Remember last winter? Remember all the abuse that was heaped on city, county and state representatives in charge of road safety due to their poor preparation in advance of storms and tardy responses once precipitation started to fall? Remember how said government types swore they'd learned lessons from the debacle and promised, promised, promised to do better in the future? Well, I remember -- but judging by my just-completed drive to work on November 28, in the first true winter-driving day of the season, the people in charge of preventing all of us from dying in ditches have already forgotten. Today's storm was absolutely nothing compared to the blizzards that struck less than a year ago, yet much of my commute was a nightmare anyhow as a result of the very problems that were endemic around here back in December, January and February.
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My drive to downtown begins at the Ken-Caryl entrance to C-470 and takes me along the foothills to the I-70 connection to eastbound Sixth Avenue, which points in the direction of Westword's offices, at 969 Broadway. When I emerged from my garage at 5:50 a.m., about an inch of snow had accumulated on hard surfaces and plenty more was coming down. Nevertheless, C-470 showed absolutely no evidence of any plowing or chemical treatment whatsoever, and I didn't see a single plow during the twenty-five minutes or so it took me to creep toward the interchange. As a result, the road was already in full hockey-rink mode and getting worse by the nanosecond. I-70 and Sixth Avenue weren't in much better shape. I saw a couple of plows heading westbound on Sixth near the Kipling exit -- of course, they were moving in the direction most commuters weren't. But despite a significant dimunition in snowfall, the roads didn't really improve until just east of the I-25 entrance, where de-icer had obviously been applied and was doing what it was designed to do -- de-ice.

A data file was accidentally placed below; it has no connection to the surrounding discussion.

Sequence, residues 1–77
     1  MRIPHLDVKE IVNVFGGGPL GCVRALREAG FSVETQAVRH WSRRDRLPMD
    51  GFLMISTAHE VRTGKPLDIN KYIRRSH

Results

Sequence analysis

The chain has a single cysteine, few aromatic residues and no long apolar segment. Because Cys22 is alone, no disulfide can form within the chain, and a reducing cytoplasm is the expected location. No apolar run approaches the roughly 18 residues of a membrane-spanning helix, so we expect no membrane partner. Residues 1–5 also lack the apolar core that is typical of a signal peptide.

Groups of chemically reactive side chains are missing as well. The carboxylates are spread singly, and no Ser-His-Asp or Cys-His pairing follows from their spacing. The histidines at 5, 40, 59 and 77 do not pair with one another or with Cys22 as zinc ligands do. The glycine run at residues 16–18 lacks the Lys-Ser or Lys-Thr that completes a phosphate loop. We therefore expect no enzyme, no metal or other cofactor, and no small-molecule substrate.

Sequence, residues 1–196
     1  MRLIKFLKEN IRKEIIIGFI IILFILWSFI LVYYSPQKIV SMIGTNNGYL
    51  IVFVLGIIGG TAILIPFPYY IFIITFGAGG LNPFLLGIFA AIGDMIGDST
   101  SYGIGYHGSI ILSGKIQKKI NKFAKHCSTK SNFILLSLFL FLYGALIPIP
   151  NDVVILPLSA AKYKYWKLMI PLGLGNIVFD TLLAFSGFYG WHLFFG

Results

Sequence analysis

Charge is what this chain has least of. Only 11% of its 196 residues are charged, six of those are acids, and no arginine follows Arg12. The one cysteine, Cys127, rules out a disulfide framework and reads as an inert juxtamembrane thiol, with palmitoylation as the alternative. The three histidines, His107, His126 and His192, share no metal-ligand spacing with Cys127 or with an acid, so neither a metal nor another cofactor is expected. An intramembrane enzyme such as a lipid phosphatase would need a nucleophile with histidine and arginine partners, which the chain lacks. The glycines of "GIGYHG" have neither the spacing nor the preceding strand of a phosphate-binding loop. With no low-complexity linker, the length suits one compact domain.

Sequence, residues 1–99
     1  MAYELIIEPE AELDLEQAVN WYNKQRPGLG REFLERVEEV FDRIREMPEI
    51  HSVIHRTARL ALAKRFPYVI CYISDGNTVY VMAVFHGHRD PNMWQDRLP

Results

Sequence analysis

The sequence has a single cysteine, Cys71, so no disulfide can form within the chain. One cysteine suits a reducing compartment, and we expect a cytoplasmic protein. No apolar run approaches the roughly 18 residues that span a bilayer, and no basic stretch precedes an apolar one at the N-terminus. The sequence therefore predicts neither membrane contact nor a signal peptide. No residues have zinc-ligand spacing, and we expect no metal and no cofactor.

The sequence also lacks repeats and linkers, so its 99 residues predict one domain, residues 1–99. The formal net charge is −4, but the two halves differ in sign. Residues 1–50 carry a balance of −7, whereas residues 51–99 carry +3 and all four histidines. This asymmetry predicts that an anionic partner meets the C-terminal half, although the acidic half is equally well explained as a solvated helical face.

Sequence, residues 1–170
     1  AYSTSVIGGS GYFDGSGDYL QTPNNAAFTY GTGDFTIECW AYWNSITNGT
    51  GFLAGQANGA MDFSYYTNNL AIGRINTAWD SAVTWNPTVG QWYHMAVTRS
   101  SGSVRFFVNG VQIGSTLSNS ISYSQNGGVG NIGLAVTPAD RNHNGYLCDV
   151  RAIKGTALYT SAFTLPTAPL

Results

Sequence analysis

My commute time during a typical day when leaving before 6 a.m.: 23 minutes. My commute time on the 28th: 50 minutes.
Yeah, yeah, I arrived at my destination in one piece. But the unnecessarily dangerous road conditions I dealt with along the way gives me zero confidence that the highways will be passable when a real winter storm hits. Expect the metro area to be crippled while officials dole out more empty promises. -- Michael Roberts